Is there a benefit to building up instead of building down? I've only looked at a few videos and so far no one has suggested putting fresh trays under instead of on top. My theory being that instead of working against gravity, it encourages the worms to stay in the lower tray as it requires more exertion to move up. As waste is converted in the lower tray, the level of compostable material reduces in size making it harder to return to the upper tray.
If you have to store castings for long, how do you do it??
I've read that many people say that we have to keep it moist(just the way it was) and if we dry, it will lose the bacteria in it which may render it useless.
My argument is that since plants depend on castings for nutrients, does dry(dead bacteria) or wet castings make any difference??
Why isn't it enough to just let the worms in the soil poop right there?
I have a worm factory and keep it preside, zone 8b, as I always end up with fruit flies! any ideas or suggestions? there are other bugs in it now too, but the world seem relatively happy. I've hardly harvested any vermi, compost though. I really produce a ton a extra plant or vegetable scraps, and could use a lot more compost. I'm struggling with compost in general. never harvested from our compost pile either and it's a few years old.
This past winter I tried an experiment. Since I already have worm bins with plenty of excess wigglers I wondered how they would do in an overwintered inside cutting which I do plenty of each winter. So my cuttings have grown from when I started so now they are in like 8-10" pots. So I added maybe only a couple doz. wigglers to each pot and I feed them once a week of fruit scrap puree or/and a cornmeal oatmeal mix that has been ground into a flour. In the largest of the 3 pots I tried this in you would not even believe the amount of foilage on that plant. Nothing else is added to the medium only an occasional liquid seaweed drench. The worms have only been in these pots for about 10 weeks. One other thing of notice is that these worms seem fatter than the worms in the bin they came from. Im guessing this is the work of the cornmeal mash.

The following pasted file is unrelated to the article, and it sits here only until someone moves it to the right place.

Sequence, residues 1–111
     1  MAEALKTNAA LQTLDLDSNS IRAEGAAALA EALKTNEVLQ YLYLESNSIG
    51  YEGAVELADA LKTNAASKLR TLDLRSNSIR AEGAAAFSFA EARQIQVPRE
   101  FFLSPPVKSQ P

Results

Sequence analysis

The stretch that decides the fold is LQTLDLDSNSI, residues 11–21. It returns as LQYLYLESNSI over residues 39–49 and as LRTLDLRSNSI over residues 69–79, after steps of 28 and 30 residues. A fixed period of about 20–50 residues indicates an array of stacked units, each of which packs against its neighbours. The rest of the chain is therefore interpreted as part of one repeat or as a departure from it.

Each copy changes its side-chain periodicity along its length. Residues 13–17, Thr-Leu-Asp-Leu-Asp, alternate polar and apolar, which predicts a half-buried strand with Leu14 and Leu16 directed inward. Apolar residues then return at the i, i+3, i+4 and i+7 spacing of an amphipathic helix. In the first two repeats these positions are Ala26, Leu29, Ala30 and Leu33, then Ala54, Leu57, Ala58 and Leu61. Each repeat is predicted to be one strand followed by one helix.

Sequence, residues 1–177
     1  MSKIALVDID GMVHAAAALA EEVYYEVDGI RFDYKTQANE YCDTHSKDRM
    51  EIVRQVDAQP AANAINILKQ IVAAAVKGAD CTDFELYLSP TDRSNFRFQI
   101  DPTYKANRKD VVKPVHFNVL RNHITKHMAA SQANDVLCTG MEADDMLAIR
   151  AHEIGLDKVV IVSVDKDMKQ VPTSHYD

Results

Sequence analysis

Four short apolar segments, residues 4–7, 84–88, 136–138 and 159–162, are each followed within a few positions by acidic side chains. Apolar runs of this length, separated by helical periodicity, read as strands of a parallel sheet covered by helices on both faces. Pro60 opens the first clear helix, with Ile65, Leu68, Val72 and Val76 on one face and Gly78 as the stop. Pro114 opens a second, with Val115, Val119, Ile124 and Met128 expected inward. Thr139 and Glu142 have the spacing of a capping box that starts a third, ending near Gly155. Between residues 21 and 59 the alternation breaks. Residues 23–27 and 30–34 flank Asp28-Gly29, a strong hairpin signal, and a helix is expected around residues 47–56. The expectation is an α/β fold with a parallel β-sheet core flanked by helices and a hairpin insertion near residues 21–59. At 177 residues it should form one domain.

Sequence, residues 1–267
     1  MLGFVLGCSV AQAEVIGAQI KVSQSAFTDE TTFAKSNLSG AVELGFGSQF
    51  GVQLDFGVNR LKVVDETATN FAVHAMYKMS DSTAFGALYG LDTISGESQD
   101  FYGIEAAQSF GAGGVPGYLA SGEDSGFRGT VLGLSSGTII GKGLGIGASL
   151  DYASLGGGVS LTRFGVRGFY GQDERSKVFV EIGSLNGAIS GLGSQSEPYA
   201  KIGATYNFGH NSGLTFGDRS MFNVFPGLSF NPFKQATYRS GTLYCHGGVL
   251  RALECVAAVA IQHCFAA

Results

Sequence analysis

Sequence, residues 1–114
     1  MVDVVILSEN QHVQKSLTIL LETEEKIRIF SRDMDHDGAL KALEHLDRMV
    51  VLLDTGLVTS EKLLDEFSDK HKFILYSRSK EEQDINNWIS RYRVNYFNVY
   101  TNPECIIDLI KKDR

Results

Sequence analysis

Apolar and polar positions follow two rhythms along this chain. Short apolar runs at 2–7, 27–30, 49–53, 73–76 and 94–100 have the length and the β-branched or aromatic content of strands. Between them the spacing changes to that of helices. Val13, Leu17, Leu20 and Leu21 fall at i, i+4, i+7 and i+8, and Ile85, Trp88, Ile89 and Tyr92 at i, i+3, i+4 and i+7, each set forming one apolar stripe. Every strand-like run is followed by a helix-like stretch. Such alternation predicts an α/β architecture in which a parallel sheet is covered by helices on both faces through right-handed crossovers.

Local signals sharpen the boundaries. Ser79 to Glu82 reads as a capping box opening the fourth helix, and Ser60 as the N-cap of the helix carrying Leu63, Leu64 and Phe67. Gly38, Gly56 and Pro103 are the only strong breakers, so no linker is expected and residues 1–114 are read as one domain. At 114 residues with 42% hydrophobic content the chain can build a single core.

I love this idea. I will try it on my next harvest. I was using the pile methods which is a pain.
How would you recommend making Vermicompost that would be enough for about 4-5 20-30ft beds?! Surely using small bins would make it take longer but I have some local sources to get lots of food scraps, leaves, egg shells etc to feed them. Is it ideal to build huge piles on the ground/soil? Thanks!
I use small office plastic trash cans, the kind you can get at the 99 cent store for a buck each. Then I drill several holes in the bottoms, fill with material and worms then stack them and leave it alone for 4 months. I just harvested 25 pounds of castings out of a group of 3 small bins.
Can you tell do you have to wash your egg shells before using them in my wormery or garden 😒
I'll try that thanks
The multi-tray system doesn't really work at least not in my experience. At least 20% of the worms for whatever reason prefer it down in the lower trays, eating remnants of old stuff. I think they tend to breed down there too. These trays, at least on my Can o' Worms, get bloody heavy too when full. I'd say a good 15-20kg. Try lifting up two at once to get the bottom tray out!